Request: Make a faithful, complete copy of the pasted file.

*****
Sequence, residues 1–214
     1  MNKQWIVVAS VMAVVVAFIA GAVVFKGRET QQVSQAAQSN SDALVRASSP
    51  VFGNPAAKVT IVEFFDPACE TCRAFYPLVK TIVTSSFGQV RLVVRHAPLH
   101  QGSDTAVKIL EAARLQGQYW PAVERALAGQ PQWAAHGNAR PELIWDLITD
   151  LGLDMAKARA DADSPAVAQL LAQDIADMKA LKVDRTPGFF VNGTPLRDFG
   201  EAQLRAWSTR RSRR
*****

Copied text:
Sequence, residues 1–214
     1  MNKQWIVVAS VMAVVVAFIA GAVVFKGRET QQVSQAAQSN SDALVRASSP
    51  VFGNPAAKVT IVEFFDPACE TCRAFYPLVK TIVTSSFGQV RLVVRHAPLH
   101  QGSDTAVKIL EAARLQGQYW PAVERALAGQ PQWAAHGNAR PELIWDLITD
   151  LGLDMAKARA DADSPAVAQL LAQDIADMKA LKVDRTPGFF VNGTPLRDFG
   201  EAQLRAWSTR RSRR